A healthy market can be a double-edged sword. On one hand, demand has led to continued rent growth despite ongoing construction of new units. With occupancy slightly lower this year but still solid at 95 percent, rents have been growing above a 3 percent pace this year and Yardi Matrix projects the full-year average will be 2.6 percent, making this the seventh consecutive year of growth above the long-term average of 2.5 percent. Growth in rents for luxury units has actually been outpaced by that for renters by choice. Thus, prospects are still good for multifamily investors, developers and operators.
On the other hand, rising rents are leading to affordability concerns across America, exacerbated by the looming potential for an overdue economic downturn. While demand remains high in this full-employment economy, as younger generations move out of their parents’ homes while many Empty Nesters opt for apartment life, also prevalent are migration to the less-expensive South, movement to outlying submarkets of higher-price cities and multiple-roommate situations. Meanwhile, construction of luxury units continues to outpace that of market-rate alternatives.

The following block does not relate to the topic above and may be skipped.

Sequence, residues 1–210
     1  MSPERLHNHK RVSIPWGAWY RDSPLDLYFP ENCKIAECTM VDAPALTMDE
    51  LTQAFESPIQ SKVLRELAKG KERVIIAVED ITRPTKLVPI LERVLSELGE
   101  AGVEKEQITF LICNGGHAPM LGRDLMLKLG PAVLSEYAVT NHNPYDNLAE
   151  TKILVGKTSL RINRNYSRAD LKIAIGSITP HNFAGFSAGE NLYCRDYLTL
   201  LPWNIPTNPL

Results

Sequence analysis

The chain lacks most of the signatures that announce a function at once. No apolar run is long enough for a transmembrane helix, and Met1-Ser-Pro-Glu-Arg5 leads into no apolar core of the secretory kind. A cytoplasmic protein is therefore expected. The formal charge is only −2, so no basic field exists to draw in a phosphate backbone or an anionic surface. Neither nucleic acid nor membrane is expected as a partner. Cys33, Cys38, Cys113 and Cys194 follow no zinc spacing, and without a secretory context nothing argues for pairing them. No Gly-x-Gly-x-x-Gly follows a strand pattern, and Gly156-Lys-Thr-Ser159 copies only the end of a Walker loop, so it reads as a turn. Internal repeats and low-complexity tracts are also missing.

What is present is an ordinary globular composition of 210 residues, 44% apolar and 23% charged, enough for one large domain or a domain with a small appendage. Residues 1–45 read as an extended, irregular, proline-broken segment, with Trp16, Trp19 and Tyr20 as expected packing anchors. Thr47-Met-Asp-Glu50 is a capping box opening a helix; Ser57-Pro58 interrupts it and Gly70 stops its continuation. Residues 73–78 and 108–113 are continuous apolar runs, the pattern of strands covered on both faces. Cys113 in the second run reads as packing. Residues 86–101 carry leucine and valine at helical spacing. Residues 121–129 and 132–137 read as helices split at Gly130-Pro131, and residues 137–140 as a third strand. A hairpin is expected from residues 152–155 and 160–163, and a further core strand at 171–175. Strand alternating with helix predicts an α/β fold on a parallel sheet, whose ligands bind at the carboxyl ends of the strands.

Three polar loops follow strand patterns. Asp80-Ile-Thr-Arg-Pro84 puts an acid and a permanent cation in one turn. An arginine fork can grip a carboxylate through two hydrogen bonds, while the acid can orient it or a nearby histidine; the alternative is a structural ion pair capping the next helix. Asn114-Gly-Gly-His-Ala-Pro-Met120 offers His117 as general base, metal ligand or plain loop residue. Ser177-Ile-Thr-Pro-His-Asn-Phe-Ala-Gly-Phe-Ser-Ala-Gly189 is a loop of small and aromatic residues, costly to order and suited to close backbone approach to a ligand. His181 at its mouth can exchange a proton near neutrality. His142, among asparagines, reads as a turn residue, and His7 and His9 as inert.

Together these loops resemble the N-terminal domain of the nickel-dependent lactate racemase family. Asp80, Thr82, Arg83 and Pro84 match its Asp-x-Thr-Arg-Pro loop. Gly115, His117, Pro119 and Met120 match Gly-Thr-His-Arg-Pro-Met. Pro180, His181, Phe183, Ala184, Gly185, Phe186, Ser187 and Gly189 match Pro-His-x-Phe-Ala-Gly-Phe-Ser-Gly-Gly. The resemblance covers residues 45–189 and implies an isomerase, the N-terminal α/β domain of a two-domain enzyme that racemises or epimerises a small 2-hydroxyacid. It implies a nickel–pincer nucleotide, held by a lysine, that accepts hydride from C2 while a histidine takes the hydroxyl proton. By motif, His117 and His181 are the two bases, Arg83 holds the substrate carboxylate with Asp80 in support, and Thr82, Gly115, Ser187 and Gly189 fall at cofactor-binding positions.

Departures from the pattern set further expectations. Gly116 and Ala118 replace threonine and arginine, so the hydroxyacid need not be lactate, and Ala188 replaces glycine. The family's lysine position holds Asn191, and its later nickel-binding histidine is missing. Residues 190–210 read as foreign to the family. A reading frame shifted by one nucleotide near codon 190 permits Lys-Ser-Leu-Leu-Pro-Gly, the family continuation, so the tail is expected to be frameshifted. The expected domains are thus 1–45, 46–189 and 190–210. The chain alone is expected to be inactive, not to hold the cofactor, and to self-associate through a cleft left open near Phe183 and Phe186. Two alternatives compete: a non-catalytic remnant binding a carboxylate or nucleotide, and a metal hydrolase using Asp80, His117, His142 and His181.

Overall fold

That has created another double-edged sword: renewed interest in rent control. A longstanding bastion of New York City life, such housing regulations date back to World War II and have been cherished by Manhattanites. Indeed, in the face of rising rents, they have represented a means to maintain affordability in a highly unaffordable market. That mentality has caught proverbial fire, with new laws recently passed in New York and Oregon, and potential for expansion elsewhere in the U.S.
But the reasons for the concept’s creation are anachronistic and threaten to cause more harm than good in today’s marketplace. Far from encouraging affordability, new regulations are not just limiting return on investment, they are actually reducing it, deterring owners from making improvements to their properties. Furthermore, New York legislation even limits the cost of certain renovations. Meanwhile, development of luxury properties continues to increase and their rents to grow, further driving up the cost of housing.
Both because it is such a long-established concept and due to its complexity, you can expect the battle to continue to wage. You can also expect it to be fraught with inaccuracies and misunderstandings. That makes further discussion and analysis critical to making the right moves.